Vocal Minority and Silent Majority: How Do Online Ratings Reflect Population Perceptions of Quality?

50 Pages Posted: 13 Jul 2015 Last revised: 16 Dec 2016

See all articles by Guodong (Gordon) Gao

Guodong (Gordon) Gao

University of Maryland - R.H. Smith School of Business

Brad N. Greenwood

George Mason University - School of Business

Ritu Agarwal

University of Maryland - Robert H. Smith School of Business

Jeffrey McCullough

University of Michigan

Date Written: 2015

Abstract

Consumer-generated ratings typically share an objective of illuminating the quality of a product or service for other buyers. While ratings have become ubiquitous and influential on the Internet, surprisingly little empirical research has investigated how these online assessments reflect the opinion of the population at large; especially in the domain of professional services where quality is often opaque to consumers. Building on the word-of-mouth literature, we examine the relationship between online ratings and population perceptions of physician quality. Our study builds on prior work by leveraging a unique dataset which includes direct measures of both the offline population’s perception of physician quality and consumer generated online reviews. As a result, we are able to examine how online ratings reflect patients’ opinions about physician quality. In sharp contrast to the widely voiced concerns by medical practitioners, we find that physicians who are rated lower in quality by the patient population are less likely to be rated online. Although ratings provided online are positively correlated with patient population opinions, the online ratings tend to be exaggerated at the upper end of the quality spectrum. This study is the first to provide empirical evidence of the relationship between online ratings and the underlying consumer perceived quality, and extends prior research on online word-of-mouth to the domain of professional services.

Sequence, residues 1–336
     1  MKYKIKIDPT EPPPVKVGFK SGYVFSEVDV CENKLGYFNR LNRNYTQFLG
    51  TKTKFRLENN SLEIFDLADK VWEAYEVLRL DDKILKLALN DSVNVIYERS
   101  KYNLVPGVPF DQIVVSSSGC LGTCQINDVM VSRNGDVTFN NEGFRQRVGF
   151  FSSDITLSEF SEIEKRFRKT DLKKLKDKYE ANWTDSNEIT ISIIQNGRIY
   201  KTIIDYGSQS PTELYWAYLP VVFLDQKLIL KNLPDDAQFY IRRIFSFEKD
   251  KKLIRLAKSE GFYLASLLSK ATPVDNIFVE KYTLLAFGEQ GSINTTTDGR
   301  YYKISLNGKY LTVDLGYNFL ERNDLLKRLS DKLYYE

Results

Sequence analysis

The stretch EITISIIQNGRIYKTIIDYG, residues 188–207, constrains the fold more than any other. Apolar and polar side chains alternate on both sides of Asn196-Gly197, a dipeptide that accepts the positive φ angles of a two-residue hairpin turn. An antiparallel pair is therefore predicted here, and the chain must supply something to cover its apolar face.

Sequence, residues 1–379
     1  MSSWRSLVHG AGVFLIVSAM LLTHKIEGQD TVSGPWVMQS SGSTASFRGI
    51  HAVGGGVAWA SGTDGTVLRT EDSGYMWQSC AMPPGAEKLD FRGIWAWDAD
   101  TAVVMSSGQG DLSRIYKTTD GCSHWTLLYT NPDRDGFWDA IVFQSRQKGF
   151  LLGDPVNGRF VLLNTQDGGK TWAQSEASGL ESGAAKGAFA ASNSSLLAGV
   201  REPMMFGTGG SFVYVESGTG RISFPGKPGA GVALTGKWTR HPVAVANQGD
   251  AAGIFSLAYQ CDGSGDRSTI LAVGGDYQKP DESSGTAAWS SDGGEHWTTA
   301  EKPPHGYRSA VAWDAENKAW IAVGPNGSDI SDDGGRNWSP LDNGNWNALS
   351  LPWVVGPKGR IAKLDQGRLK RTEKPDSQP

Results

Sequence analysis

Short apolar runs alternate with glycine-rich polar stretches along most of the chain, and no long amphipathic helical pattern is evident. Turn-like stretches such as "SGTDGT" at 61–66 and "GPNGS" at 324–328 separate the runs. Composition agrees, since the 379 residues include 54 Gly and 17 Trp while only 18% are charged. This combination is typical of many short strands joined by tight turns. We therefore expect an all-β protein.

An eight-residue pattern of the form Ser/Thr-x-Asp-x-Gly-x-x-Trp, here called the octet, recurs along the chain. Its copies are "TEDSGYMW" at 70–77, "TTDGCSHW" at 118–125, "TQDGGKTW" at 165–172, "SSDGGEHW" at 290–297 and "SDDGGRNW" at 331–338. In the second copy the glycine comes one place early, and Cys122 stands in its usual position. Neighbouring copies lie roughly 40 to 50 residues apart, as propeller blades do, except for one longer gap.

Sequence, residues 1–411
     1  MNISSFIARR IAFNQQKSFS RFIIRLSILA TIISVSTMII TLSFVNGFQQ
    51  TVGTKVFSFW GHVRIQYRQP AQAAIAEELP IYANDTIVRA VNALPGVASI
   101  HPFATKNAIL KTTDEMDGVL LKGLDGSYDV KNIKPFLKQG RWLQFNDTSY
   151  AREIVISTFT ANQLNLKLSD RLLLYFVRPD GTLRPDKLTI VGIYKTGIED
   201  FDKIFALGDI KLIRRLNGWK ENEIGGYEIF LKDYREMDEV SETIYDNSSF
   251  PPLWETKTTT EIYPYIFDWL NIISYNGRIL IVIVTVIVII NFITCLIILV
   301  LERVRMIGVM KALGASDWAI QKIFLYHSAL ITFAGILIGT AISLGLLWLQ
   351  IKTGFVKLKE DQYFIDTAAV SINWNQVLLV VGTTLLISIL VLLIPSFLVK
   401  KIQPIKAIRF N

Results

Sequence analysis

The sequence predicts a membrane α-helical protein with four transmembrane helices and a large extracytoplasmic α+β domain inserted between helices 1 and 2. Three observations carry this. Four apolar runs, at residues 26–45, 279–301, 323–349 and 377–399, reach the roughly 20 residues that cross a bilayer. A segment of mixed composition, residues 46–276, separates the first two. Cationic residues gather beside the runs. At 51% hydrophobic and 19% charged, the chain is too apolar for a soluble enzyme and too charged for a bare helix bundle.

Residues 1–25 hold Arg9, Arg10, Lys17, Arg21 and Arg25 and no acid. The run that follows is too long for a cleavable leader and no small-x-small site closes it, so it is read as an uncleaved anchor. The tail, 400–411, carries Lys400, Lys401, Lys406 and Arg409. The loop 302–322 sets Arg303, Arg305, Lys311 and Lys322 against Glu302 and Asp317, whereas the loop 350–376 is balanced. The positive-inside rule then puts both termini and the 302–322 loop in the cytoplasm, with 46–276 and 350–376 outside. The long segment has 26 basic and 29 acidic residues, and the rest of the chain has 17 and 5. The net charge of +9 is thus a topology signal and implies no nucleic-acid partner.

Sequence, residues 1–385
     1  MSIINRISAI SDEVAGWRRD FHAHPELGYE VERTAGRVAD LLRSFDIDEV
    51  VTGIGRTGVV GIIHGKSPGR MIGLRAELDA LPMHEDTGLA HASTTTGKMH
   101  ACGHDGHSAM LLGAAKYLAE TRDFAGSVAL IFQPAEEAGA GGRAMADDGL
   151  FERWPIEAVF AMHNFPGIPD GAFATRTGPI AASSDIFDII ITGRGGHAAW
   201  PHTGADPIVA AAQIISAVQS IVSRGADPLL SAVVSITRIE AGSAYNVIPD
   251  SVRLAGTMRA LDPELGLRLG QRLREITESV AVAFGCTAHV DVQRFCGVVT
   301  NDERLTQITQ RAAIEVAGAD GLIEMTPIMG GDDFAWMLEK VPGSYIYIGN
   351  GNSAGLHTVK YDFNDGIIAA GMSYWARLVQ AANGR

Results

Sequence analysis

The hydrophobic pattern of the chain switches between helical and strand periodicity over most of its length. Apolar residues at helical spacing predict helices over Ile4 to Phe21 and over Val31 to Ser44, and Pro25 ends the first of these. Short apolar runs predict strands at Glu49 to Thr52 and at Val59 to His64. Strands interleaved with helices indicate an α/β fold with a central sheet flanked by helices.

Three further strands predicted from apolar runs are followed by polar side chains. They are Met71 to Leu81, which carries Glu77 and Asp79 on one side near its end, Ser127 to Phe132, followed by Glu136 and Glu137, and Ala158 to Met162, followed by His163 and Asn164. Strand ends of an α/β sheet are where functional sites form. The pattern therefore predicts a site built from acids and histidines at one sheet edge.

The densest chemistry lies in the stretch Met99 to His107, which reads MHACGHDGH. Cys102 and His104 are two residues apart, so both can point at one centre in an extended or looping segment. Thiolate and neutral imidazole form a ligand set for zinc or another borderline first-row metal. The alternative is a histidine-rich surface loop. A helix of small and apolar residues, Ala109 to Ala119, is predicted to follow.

Keywords: online ratings, physician quality, online word-of-mouth, professional services, informativeness

Suggested Citation

Gao, Guodong (Gordon) and Greenwood, Brad and Agarwal, Ritu and McCullough, Jeffrey, Vocal Minority and Silent Majority: How Do Online Ratings Reflect Population Perceptions of Quality? (2015). MIS Quarterly 39(3), p. 565-589, September 2015., Fox School of Business Research Paper No. 15-065, Robert H. Smith School Research Paper No. RHS 2629837, Available at SSRN: https://ssrn.com/abstract=2629837 or http://dx.doi.org/10.2139/ssrn.2629837

Guodong (Gordon) Gao

University of Maryland - R.H. Smith School of Business ( email )

4325 Van Munching Hall
College Park, MD 20742
United States

HOME PAGE: http://www.rhsmith.umd.edu/faculty/ggao/

Brad Greenwood (Contact Author)

George Mason University - School of Business ( email )

VA 22030
United States

Ritu Agarwal

University of Maryland - Robert H. Smith School of Business ( email )

College Park, MD 20742-1815
United States

Jeffrey McCullough

University of Michigan ( email )

1415 Washington Heights
SPH II
Ann Arbor, MI 48109
United States
7349361189 (Phone)
7347644338 (Fax)

HOME PAGE: http://https://sph.umich.edu/faculty-profiles/mccullough-jeffrey.html

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